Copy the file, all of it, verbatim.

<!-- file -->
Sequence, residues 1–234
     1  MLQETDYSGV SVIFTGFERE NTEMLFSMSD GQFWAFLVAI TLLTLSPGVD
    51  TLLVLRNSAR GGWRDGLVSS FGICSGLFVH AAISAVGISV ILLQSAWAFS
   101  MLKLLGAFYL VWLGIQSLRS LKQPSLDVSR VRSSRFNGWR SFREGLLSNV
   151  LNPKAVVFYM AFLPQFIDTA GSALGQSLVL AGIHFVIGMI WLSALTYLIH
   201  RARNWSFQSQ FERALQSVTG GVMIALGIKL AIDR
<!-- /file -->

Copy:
Sequence, residues 1–234
     1  MLQETDYSGV SVIFTGFERE NTEMLFSMSD GQFWAFLVAI TLLTLSPGVD
    51  TLLVLRNSAR GGWRDGLVSS FGICSGLFVH AAISAVGISV ILLQSAWAFS
   101  MLKLLGAFYL VWLGIQSLRS LKQPSLDVSR VRSSRFNGWR SFREGLLSNV
   151  LNPKAVVFYM AFLPQFIDTA GSALGQSLVL AGIHFVIGMI WLSALTYLIH
   201  RARNWSFQSQ FERALQSVTG GVMIALGIKL AIDR